- X-acto knife
- Transfer the attached printable to the wood and cut with a coping saw. Sand the front and the back with the sander.
- Sand interlocking areas by hand. Clean all pieces with a bristle brush to remove dust.
- Interlock all pieces and apply a thick layer of gel with the foam brush.
- Press the photo onto the gel surface picture-side down. Gently smooth out bubbles.
- Lay a large cutting board over the entire surface and press evenly. Remove the board.
- Let set for 24 hours. Soak rags in water, wring, and place them over the photo until the image shows through the wet paper.
- Rub the photo with the rag to remove the paper leaving the image on the wood. Buff with the steel wool to polish.
- Use a knife to separate pieces if necessary. Enjoy!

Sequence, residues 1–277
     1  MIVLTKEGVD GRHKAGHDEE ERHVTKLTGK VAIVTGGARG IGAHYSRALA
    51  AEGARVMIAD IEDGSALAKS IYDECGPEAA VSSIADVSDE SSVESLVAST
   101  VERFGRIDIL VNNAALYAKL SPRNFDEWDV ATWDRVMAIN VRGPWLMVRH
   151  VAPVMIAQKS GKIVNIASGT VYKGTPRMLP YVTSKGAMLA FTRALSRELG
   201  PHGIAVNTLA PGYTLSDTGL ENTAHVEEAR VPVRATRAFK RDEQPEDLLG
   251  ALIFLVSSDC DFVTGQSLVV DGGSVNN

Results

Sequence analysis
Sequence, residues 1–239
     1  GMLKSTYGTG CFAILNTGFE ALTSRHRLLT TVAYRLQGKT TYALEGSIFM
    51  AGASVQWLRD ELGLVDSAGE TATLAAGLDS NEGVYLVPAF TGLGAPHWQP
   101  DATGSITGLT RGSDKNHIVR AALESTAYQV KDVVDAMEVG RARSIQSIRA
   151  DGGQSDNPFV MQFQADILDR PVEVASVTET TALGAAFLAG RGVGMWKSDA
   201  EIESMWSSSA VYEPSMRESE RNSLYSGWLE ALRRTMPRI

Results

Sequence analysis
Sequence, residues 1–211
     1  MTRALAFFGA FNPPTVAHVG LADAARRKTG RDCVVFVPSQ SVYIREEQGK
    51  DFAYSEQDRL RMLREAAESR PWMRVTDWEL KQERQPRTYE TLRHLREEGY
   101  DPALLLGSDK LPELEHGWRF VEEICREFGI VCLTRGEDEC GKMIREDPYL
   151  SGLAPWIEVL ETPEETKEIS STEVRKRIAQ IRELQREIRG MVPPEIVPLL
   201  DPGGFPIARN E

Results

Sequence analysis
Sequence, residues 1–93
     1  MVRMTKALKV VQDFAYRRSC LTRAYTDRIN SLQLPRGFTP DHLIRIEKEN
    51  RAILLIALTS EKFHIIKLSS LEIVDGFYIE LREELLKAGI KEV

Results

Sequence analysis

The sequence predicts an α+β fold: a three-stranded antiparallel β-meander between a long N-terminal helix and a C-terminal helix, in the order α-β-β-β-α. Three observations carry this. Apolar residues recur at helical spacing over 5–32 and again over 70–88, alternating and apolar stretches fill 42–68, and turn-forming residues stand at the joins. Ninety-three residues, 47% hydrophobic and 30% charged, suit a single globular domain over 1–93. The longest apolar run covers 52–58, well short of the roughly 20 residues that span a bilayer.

Rubber Band Trebuchet
Who doesn't love a catapult? Kids love to fling stuff across the room, but it's good to have a governor on what can be thrown. A simple rubber band can limit what this mighty beast will throw without losing some of the thrill. Download the attached printable for a supply list, step-by-step instructions, and plans.
- 2 wood blocks 5 ½" x 2 ½" x 1" (D, E)
- 3 wood dowels 3/16" x 2 ½" (A, B, C)
- 1 balsa plank ¾" x ½" x 7" (F)
- 1 8-32 x 5" bolt
- 1 8-32 nut
- 8 #8 washers
- 1 #4 screw eye hook
- 1 plastic egg shell
- 1 orthodontic rubber band
- Super glue
- Drill with bits
- Rotary tool with bits
- Drill holes A and B halfway through block D, one inch from the front edge
- Drill hole C halfway through block D, one inch from rear edge.